Online betting industry vows to fight duty rise in light of FOBT decision
Representatives of the online gambling industry said they would push back against plans to raise remote gaming duty to make up for lost tax receipts caused by the government's cut in FOBT stakes.
The government announced on Thursday it was cutting FOBT stakes to £2 from £100, with the change linked to an increase in the duty paid by online gaming operators.
That decision was criticised by Sky Bet chief executive Richard Flint, and his counterpart at the Remote Gambling Association, Clive Hawkswood, said on Friday: "We'll be pushing back on that. It's hardly fair that one sector pays for the alleged faults of another.
"Our main point is that the truth is there is no shortfall from FOBTs, they're just being greedy. The growth in online has already covered off any shortfall from FOBTs.
"In 2014, before place of consumption tax, there was almost no online gambling tax paid. Come next year it will probably be in excess of £800 million. It is pushing credibility to say they are replacing the FOBT shortfall. Nobody can say what exactly the shortfall will be either. If that is the justification let us see what the impact is."
Racing is also facing a shortfall in income of between £40m and £60m from lost media rights and levy should bookmaker predictions that the FOBT stake cut will cause thousands of betting shop closures prove correct.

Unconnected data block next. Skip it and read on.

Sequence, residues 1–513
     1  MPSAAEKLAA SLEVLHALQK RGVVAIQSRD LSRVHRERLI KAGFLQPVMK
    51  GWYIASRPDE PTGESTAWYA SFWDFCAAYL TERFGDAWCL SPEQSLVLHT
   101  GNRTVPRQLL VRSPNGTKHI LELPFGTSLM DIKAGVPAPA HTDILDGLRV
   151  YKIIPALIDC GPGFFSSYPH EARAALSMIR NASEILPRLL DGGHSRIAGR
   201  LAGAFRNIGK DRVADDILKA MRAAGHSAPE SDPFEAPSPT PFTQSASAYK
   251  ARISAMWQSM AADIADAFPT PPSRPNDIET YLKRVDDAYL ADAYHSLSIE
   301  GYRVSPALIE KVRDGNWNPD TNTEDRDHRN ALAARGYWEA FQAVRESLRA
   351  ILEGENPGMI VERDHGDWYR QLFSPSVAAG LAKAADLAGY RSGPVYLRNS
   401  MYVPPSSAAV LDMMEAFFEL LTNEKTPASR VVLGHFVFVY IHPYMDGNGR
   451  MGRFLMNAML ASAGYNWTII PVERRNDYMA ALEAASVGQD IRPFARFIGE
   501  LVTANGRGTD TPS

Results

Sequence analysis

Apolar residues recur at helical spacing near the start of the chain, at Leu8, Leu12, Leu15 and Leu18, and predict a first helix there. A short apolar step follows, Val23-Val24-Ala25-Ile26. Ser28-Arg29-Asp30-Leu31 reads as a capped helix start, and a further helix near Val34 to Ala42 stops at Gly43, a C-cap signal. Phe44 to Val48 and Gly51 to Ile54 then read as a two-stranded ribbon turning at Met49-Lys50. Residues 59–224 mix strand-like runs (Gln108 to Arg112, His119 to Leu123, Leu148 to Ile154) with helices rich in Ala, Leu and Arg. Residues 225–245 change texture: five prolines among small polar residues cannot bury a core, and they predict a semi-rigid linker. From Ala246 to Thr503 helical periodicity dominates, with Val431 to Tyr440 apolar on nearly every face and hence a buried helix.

However, the government has said it would consider extending the levy to bets placed in Britain on global racing to limit the damage.
That would represent a triple whammy for operators with both retail and online operations.
William Hill group communications director Ciaran O'Brien said: "It would be short-sighted to load further burdens on betting shops when there are likely to already be significant closures."
The levy was most recently reformed in April last year, when it was extended to overseas operators.
The Levy Board, which met this week, said that racing's central funding system had yielded more than £90m and could even reach around £95m in the year to March 31, more than originally expected.
Last year the Levy Board said early indications suggested income from the reformed levy could reach around £85m, having fallen to £49.8m in 2016-17. Levy yield last totalled more than £90m in 2008-09, when it reached £91.6m.
Levy Board chief executive Alan Delmonte said: "As this is the first year of the new arrangements and we do not have prior years' trends analysis for the actual figures of most online businesses, we are advising caution before assuming any figure is seen as a benchmark.
"There have been reports of particularly strong margins this year, but against that there were significantly more abandoned fixtures.
"Once we have a near-final out-turn in June, the board can begin to consider an appropriate level of reserves to hold and an expenditure budget for 2019."
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